These intimate acts are revealed to us first by their mere existence—shots of Adele sleeping peacefully, Adele and her girlfriend Emma engaging in passionate sex. However, we are not simply voyeurs; the frequent closeups and no-holds-barred sound editing bring us into the scenes as if we were a part of them. We are brought so close to these daily acts that they are almost ugly—the sloppy chewing, noisy kissing, red-faced crying. In fact, in one of the first dinner scenes, I felt myself cringing at the slurping of spaghetti, and in almost every scene where someone cried, I was taken aback by the actresses’ running noses (the friend I saw the film with mentioned later her intense desire to wipe Adele’s snot away).

However, perhaps it’s in this “ugliness” of life that the beauty and warmth of the film come in. On one hand, the film is lusciously shot and skillfully edited, with carefully chosen color schemes and shooting techniques and angles that bring a simultaneous beauty and intensity to even the rawest of scenes. On the other, by taking the time to portray those “ugly” and seemingly small moments, Kechiche brings our focus to the “real” moments that are often deemed unimportant to a narrative—but in which most of our living occurs. (Rumor has it that Keciche even had the characters read the script and then forget the lines, encouraging them toward the approximation of "realness" that improvisation allows.) 

And perhaps the discomfort I felt are part of what the film so wonderfully accomplishes. From the director’s distinctive choices about what to reveal to the rawness of the actresses’ stunning performances, perhaps the closeness and intimacy become too real and too close—revealing the audience’s own issues with intimacy, the body, and communing with others. Perhaps filmgoers have become so used to the clean and the aestheticized that such rawness is meant to make us uncomfortable—and is meant to make us connect to the characters in a way that is notable in its rarity.

Blue Is the Warmest Color offers a closeup on Adele’s lived experience and the intimacies that many struggle with and work for. We are her shadow, and her, and we are so close to her that the classmates’ laughter around her rings in our ears, that the painful memories of ex-lovers are in our minds, that the women’s growing passions and broken hearts are our own. For those few hours in the theater, La vie d'Adèle became mine, and as she walked away, the camera for once not following after her, I felt her life and story slip away from me, too—an intimacy once shared and now gone. - Alexis Stratton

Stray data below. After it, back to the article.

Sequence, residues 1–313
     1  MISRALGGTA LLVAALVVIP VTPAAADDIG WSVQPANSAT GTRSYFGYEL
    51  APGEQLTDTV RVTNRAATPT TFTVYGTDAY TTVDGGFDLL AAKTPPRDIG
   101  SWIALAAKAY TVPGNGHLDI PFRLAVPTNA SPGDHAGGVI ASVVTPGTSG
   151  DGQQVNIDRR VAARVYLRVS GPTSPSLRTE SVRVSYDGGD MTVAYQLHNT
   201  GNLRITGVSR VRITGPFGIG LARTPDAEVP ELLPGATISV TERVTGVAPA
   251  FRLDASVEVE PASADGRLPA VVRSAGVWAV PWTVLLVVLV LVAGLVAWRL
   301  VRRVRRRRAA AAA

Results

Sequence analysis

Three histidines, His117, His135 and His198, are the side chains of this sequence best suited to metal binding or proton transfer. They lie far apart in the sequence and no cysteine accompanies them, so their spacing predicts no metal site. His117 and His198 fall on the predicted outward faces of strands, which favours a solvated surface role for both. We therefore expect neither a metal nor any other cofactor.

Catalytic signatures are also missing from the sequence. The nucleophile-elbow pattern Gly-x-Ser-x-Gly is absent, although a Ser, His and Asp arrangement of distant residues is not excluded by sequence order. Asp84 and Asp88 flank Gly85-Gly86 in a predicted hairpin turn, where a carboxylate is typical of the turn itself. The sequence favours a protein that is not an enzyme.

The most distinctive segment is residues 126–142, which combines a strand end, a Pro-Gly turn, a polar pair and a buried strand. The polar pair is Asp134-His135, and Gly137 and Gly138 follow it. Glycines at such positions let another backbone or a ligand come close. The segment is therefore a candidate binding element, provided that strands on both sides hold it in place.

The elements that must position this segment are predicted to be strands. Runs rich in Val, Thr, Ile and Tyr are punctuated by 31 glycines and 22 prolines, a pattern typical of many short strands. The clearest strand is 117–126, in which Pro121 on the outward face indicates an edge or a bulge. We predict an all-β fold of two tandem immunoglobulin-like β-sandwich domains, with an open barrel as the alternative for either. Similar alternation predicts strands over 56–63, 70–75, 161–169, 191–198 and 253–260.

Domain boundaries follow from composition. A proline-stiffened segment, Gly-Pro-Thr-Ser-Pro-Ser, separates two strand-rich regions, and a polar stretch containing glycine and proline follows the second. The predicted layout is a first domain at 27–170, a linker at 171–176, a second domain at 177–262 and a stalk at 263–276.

Blue Is the Warmest Color. Drama. Starring Adele Exarchopoulos and Lea Seydoux. Directed by Abdellatif Kechiche. In French with English subtitles. (NC-17. 179 minutes.)

At the Nickelodeon – Jan. 31-Feb. 6

Jasper/Nick Shakespearean Sonnet Contest

shakespeare Shakespeare wrote 154 of them –

            You ought to have at least one in you.


“All the world's a stage,” William Shakespeare wrote, “and all the men and women merely players; they have their exits and their entrances, and one man in his time plays many parts.”

The question is: would you like to play the part of a poet?  Jasper Magazine and the Nickelodeon Theatre want to cast you in that role.

Announcing The Jasper Magazine – Nickelodeon Theatre Shakespearean Sonnet Contest, presented in conjunction with and in celebration of the Nick’s upcoming Forever and A Day: Shakespeare Film Adaptation Series, which will feature screening of movies based on Shakespearean plays. (Titles, dates, and details TBA soon.)

In addition to his stage plays, Shakespeare wrote 154 sonnets, and Jasper think that means you must have at least one in you.  What's a sonnet?  Jasper hears your high school English teacher sighing deeply somewhere in the distance, but here's a quick refresher:

14 lines of iambic pentameter.  That's fancy Greek, shoehorned into English, for 10 syllables per line, each with a short-long beat.  Example:  "The bumblebee was flying through the air," which sounds like "the BUMble BEE was FLYing THROUGH the AIR" when you read it aloud. Or "The Nick and Jasper Magazine are cool!"

The first three verses have to have an ABAB rhyme scheme, so the first and third line lines rhyme with each other, and so do the second and fourth. Example:

I saw a cat

Which saw a dog;

I wore a hat,

Because of fog.

And then the final two lines must rhyme with each other. 14 lines total, no more, no less. Google "Shakespearean Sonnet" if you need details or further examples.

The topic can be anything you wish, and up to three entries per person will be accepted.


  • Deadline is Sunday, December 8th.
  • The winning sonnet will be published in Jasper Vol.  003, No. 003 (which will come out on January 16th, 2014) and will also be read at the opening reception for the Shakespeare Film Adaptation Series.
  • There is no fee to enter.
  • Do NOT put your name on your entry.
  • DO include a cover sheet with your name, e-mail  address, and the name of your sonnet.
  • Send entries to with “Sonnet” in the subject heading.

Intimidated?  Don't be.  Just let your words flow “trippingly on the tongue,” as Shakespeare wrote in Hamlet. “Let your own discretion be your tutor: suit the action to the word, the word to the action.”


Have fun, and Jasper looks forward to reading your compositions!